Having strong, tailored business continuity (BC) plans in place are crucial to an organisation’s survival. But it’s not enough to just have them in place. Instead, they must continually evolve at pace with the organisation and the environment it finds itself operating within.
Most companies recognise the importance of performing a business impact analysis (BIA) prior to creating a BC plan. A BIA can identify core activities, the cost of disruption to processes, and the resources needed to support them. But too many organisations aren’t conducting a BIA regularly enough, which can have huge implications. The recent outage suffered by Google is a perfect example, with failures reported across the company’s services, including Gmail, Google Calendar and YouTube. A Google spokesperson reported the outage was caused by a failure in the company’s authentication tools, which could have easily been prevented by a thorough BIA.
According to a recent Forrester report on the State of Disaster Recovery Preparedness in 2020, most organisations don’t conduct BIAs with any consistency. Instead, they are often treated as a one-time exercise, or something done sporadically.
Here are five reasons for performing a BIA on a regular basis:
- The ability to uncover new and updated application interdependencies
BIAs establish an organisation’s key products and services to determine how big an impact any disruption would have. They also show application interdependencies.
A company’s main applications are likely built around other supporting applications that allow them to function successfully. If one of those is removed from the equation, the main application won’t continue to operate properly. Not mapping these out would suggest that a company is unaware of how the failure of a particular application may disrupt others alongside key business processes.
The same goes for adding new technologies. The more Software as a Service (SaaS) solutions a company has, the more external dependencies it’s reliant on, which only increases potential points of failure.
Performing a BIA can help companies get to the bottom of the above, allowing them to have a clear picture of all the resources key activities depend on, determine their respective availability requirements, and address these as needed.
- Understanding of third-party vendor risk
While a BIA focuses on a business’ own applications and facilities, it should also look at the third-party vendors. Just like a business’ applications and systems change over time, so do vendors, who also have their own interdependencies and BC plans that are constantly evolving. Failure to keep up with these changes can also create risks.
Organisations need to know that third-party partners will be there when needed. A BIA evaluates third-party risk to determine blind spots, and the more a company’s vendors change, the more it need to stay on top of this process.
- The ability to calculate the cost of downtime
Not only do companies need to know what their key applications are, but also how their downtime affects business. The cost of a disaster is often tied to duration, and losing a core application for a few hours or even minutes can have drastic consequences.
Because some applications are more critical than others, tiering them for recovery can reduce expensive downtime – Tier 1 reserved for the most critical applications, followed by Tier 2 and Tier 3. As an organisation evolves, so will its mission-critical applications, and therefore re-evaluating the recovery strategy regularly using a BIA is an important step. Only then can companies identify impact levels – based on time – for each event, determine the necessary recovery objectives, create strategic recommendations for increased business resilience and availability, and then put these practices in place.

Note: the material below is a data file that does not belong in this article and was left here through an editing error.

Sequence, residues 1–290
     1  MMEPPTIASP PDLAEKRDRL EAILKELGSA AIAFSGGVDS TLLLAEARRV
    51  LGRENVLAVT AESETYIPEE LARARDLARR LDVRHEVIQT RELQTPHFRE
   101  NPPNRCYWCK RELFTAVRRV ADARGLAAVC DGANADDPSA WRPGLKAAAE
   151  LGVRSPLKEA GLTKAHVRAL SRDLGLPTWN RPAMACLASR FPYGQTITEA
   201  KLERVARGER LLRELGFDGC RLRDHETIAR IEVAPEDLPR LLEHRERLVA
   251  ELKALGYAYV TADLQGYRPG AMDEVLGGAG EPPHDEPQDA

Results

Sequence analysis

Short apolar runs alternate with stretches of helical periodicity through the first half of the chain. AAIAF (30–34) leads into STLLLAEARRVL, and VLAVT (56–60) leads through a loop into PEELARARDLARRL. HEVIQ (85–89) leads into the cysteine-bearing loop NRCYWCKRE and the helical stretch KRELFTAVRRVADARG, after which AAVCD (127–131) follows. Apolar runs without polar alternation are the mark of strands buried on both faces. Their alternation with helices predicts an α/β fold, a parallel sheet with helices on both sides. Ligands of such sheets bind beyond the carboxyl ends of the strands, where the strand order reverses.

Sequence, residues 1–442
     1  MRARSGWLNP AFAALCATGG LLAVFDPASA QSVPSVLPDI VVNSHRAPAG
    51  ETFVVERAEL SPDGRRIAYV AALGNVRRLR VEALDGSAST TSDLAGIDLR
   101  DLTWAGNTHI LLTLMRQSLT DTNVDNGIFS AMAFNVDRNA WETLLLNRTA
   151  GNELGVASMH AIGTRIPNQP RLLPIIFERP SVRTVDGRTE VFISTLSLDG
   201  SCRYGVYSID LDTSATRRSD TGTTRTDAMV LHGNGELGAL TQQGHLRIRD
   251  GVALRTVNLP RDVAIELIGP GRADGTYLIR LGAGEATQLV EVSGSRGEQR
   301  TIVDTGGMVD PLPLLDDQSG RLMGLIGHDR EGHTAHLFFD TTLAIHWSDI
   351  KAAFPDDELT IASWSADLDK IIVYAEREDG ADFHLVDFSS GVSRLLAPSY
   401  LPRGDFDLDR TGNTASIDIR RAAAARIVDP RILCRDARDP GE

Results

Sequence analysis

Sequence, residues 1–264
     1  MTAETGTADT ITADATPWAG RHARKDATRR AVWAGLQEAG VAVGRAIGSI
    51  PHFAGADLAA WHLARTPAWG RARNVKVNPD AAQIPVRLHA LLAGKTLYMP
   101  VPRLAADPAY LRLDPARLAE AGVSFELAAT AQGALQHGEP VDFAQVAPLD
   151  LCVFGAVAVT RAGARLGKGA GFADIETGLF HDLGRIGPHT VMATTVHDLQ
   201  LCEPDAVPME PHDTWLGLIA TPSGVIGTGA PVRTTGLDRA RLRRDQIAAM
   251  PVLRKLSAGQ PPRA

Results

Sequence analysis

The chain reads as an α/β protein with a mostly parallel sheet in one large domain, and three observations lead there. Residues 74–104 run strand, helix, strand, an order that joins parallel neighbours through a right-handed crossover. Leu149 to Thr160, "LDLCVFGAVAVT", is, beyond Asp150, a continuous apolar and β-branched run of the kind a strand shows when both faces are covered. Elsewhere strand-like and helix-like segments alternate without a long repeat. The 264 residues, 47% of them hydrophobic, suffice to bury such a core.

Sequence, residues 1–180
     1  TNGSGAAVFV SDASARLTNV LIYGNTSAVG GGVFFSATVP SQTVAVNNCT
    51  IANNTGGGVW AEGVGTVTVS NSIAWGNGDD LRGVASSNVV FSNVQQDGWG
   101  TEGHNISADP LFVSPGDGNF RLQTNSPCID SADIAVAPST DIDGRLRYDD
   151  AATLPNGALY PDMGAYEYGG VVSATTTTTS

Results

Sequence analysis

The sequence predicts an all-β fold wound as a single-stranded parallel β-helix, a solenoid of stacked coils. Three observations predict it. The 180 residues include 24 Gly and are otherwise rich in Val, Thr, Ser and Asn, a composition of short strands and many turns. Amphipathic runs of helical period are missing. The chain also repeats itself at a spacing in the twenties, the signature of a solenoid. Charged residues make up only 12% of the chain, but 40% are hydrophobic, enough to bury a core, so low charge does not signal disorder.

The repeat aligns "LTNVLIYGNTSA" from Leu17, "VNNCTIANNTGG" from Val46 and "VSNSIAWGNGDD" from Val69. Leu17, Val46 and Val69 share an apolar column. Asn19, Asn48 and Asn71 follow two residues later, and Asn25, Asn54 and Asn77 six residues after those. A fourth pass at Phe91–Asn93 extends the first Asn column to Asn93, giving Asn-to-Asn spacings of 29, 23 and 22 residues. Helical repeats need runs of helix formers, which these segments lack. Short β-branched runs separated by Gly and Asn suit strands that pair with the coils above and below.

- The ability to factor in new applications or consolidate resources
When a company rolls a new application, everything changes. New applications tend to have tentacles that reach into many different processes. If organisations don’t stay on top of this, they won’t know how a disruption might impact key business activities.
The same goes for the consolidation of systems, environments, and facilities. For example, it’s likely plenty of BC plans rely on multiple buildings. If one location is shut down, an entire contingency plan may have been removed.
Conducting regular BIAs will help companies stay mindful of how adding or reducing resources affects overall resiliency.
- The ability to tie business needs to IT’s resilience posture
Performing regular BIAs gives the business side of the company a chance to weigh in on what IT and vendors are doing to support them, from the tiering of applications to contractual guarantees from critical vendors.
For instance, if the business side requires certain applications to remain available, a BIA will show whether these are in the cloud with real-time backup and replication as a Tier 1 application should be. The same level of criticality can be weighed and measured against vendors as well, ensuring there’s either a guarantee of availability or a secondary vendor to serve as a backup.
BIAs confirm that IT’s resilience posture properly aligns with current business needs.
Ensuring company-wide coverage
Disruptions come in all shapes and sizes, many of which are out of a company’s control. The only thing it can control is how prepared it is when they happen. To lessen the effect and duration, organisations must continually adapt and improve their BC plans. The first step to achieving this is with a BIA.
A BIA is not a one-off activity. It must be revisited regularly to address any changes to environment, including the addition of critical applications, switching vendors, consolidating facilities or systems, and more. Only then can organisations ensure they are resilient enough to withstand anything that comes their way.